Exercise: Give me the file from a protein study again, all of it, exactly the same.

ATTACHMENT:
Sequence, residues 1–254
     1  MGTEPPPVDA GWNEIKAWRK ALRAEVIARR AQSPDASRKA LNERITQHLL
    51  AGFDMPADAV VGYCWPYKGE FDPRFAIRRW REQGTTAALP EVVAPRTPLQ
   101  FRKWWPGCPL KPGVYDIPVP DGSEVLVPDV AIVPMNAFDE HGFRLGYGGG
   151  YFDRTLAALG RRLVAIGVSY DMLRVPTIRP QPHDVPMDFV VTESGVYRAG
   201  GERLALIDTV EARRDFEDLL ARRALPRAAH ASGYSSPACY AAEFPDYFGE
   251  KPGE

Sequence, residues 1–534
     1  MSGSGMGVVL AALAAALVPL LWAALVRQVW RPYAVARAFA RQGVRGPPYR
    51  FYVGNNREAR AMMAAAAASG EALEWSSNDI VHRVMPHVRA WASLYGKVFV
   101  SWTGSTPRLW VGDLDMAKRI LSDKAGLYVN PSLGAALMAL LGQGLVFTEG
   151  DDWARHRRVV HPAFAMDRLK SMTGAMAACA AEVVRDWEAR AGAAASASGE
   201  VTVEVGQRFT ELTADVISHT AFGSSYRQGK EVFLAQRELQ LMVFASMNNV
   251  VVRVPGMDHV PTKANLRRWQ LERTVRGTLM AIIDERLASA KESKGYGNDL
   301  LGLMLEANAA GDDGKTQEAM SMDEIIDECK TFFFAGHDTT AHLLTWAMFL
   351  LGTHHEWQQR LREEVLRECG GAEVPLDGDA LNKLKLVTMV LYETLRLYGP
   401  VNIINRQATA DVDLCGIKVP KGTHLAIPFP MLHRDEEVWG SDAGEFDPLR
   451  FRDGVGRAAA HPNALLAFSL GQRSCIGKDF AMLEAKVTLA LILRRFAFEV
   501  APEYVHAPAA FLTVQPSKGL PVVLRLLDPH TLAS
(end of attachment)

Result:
Sequence, residues 1–254
     1  MGTEPPPVDA GWNEIKAWRK ALRAEVIARR AQSPDASRKA LNERITQHLL
    51  AGFDMPADAV VGYCWPYKGE FDPRFAIRRW REQGTTAALP EVVAPRTPLQ
   101  FRKWWPGCPL KPGVYDIPVP DGSEVLVPDV AIVPMNAFDE HGFRLGYGGG
   151  YFDRTLAALG RRLVAIGVSY DMLRVPTIRP QPHDVPMDFV VTESGVYRAG
   201  GERLALIDTV EARRDFEDLL ARRALPRAAH ASGYSSPACY AAEFPDYFGE
   251  KPGE

Sequence, residues 1–534
     1  MSGSGMGVVL AALAAALVPL LWAALVRQVW RPYAVARAFA RQGVRGPPYR
    51  FYVGNNREAR AMMAAAAASG EALEWSSNDI VHRVMPHVRA WASLYGKVFV
   101  SWTGSTPRLW VGDLDMAKRI LSDKAGLYVN PSLGAALMAL LGQGLVFTEG
   151  DDWARHRRVV HPAFAMDRLK SMTGAMAACA AEVVRDWEAR AGAAASASGE
   201  VTVEVGQRFT ELTADVISHT AFGSSYRQGK EVFLAQRELQ LMVFASMNNV
   251  VVRVPGMDHV PTKANLRRWQ LERTVRGTLM AIIDERLASA KESKGYGNDL
   301  LGLMLEANAA GDDGKTQEAM SMDEIIDECK TFFFAGHDTT AHLLTWAMFL
   351  LGTHHEWQQR LREEVLRECG GAEVPLDGDA LNKLKLVTMV LYETLRLYGP
   401  VNIINRQATA DVDLCGIKVP KGTHLAIPFP MLHRDEEVWG SDAGEFDPLR
   451  FRDGVGRAAA HPNALLAFSL GQRSCIGKDF AMLEAKVTLA LILRRFAFEV
   501  APEYVHAPAA FLTVQPSKGL PVVLRLLDPH TLAS